As to weather, well it's like that in other hobbies as well. I'm an amateur astronomer (currently pretty inactive, though) and it's always easy to forecast the weather after a new scope purchase: Thunderstorms, overcast and rain.
    Len Philpot - 2012 Specialized Tricross Sport
    I start out slow and then taper off from there...

  18. #18
    A might bewildered... Dudelsack's Avatar
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    One other option, and you can trust us, is to admit that you have a great-looking pair of legs and go out and buy a set of bib shorts. Get leggings to wear with them.

    You're going to do this sooner or later. Might as well get it over with.

  19. #19
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    Quote Originally Posted by Dudelsack View Post
    One other option, and you can trust us, is to admit that you have a great-looking pair of legs and go out and buy a set of bib shorts. Get leggings to wear with them.

    You're going to do this sooner or later. Might as well get it over with.
    I was avoiding showing the legs until I get faster on the bicycle. Otherwise some of the ladies might catch me....and my wife might catch them catching me.
    The Old Sarge

  20. #20
    Saved by Grace lphilpot's Avatar
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    Quote Originally Posted by Old Sarge View Post
    I was avoiding showing the legs until I get faster on the bicycle.
    My bare legs scare children. Unfortunately, they don't seem to have the same effect on dogs.
    Len Philpot - 2012 Specialized Tricross Sport
    I start out slow and then taper off from there...

  21. #21
    Senior Member MinnMan's Avatar
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    These are widely available from your LBS and elsewhere:

    http://www.aliexpress.com/item-img/F...504816738.html

    (I don't know anything about this company, I just wanted to find a link with the picture. The price appears to be for a box of 40 straps).

  22. #22
    Senior Member Bikey Mikey's Avatar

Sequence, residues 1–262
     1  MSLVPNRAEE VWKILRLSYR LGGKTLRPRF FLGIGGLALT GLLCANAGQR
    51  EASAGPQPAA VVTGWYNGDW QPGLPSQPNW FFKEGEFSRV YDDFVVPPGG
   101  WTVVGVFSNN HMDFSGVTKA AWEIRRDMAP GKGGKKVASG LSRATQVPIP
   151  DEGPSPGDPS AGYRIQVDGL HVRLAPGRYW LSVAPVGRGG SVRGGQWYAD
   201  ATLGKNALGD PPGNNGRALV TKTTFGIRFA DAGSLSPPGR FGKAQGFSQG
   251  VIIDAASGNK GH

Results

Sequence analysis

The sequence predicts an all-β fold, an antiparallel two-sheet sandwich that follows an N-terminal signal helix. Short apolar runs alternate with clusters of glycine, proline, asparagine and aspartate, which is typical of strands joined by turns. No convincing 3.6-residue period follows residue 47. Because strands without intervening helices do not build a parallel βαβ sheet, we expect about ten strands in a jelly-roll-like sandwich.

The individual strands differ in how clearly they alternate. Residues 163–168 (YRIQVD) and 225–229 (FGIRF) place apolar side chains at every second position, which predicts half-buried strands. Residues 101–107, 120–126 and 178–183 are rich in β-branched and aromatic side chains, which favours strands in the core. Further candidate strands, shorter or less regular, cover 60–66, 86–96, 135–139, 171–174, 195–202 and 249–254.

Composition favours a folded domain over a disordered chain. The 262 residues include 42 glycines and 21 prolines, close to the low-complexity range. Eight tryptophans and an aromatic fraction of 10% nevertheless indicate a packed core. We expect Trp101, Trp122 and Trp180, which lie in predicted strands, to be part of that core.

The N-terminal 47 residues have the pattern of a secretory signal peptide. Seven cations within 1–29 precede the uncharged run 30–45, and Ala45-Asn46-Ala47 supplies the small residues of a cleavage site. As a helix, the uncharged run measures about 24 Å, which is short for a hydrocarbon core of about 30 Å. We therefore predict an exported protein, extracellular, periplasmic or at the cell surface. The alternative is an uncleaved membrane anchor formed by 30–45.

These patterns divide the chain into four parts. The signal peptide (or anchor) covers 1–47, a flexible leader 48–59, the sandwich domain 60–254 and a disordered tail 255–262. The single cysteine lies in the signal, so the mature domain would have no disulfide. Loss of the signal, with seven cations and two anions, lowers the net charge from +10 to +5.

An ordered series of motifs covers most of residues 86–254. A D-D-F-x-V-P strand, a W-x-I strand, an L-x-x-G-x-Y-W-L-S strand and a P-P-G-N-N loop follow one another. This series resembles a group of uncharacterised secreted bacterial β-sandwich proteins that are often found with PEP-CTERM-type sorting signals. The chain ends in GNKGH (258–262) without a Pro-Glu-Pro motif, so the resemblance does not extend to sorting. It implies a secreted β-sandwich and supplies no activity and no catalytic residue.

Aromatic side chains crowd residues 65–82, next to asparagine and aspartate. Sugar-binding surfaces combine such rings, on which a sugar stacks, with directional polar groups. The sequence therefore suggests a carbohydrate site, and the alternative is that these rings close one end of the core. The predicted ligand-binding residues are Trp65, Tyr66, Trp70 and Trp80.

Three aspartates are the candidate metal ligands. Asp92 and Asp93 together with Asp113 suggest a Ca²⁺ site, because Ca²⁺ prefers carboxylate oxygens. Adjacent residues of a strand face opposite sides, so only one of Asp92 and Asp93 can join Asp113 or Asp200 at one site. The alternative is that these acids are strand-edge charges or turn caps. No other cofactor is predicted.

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    I wear regular walking shoes(walking sneakers) since I use toeclips and straps. I double tie my laces and tuck the loops and ends under the shoe laces going from eyelet to eyelet.

  23. #23
    Senior Member David Bierbaum's Avatar
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    Every strap I've tried has ended up just sliding down onto my ankles. Mostly, I just wear sweatpants when riding my bike in the colder weather like today. Roads were dry but quite salty. I wiped down my bike right after I got back. I hope that was enough...

  24. #24
    Uber Goober StephenH's Avatar
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    Howdy. I'm down the road from you a ways in south Garland.

    They make bicycle tights that fit over bike shorts and also leg warmers that fit on your leg below bike shorts. Both are snug enough they won't get in the chain. That's the long term solution. On the occasions when I wear blue jeans on my bike, I put a big rubber band around the right leg. The reflective angle strips will work for this if they are long enough to go around over your jeans. I have a litlte clip for this purpose, but that clip is older than I am.

    It is quite common when riding to get a big smear of black on your leg from accidentally leaning your leg on the chain. So don't wear light-colored pants that you care about.

    Use both brakes equally. (Occasionally, gently squeeze just one, then the other to make sure both are adjusted right). The front has more stopping capability, which means in a hard stop when the rear wheel locks up, it's the front that's doing the braking. But most of the time, if you're not in panic stop mode, you just use both equally.

    Riding in the rain is not bad if it's warm, but not a lot of fun when it's cold. But if it's rainy, you can usually wait a day or two and have better weather.
    "be careful this rando stuff is addictive and dan's the 'pusher'."

  25. #25
    Senior Member
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    Guess I will look for tights or leg warmers when I go to the LBS after Christmas....probably after the first of the year. I'll just tough it out for the few days between Christmas and New Years. Jeans may be my attire during the interim. Thanks for the advice neighbor.
    The Old Sarge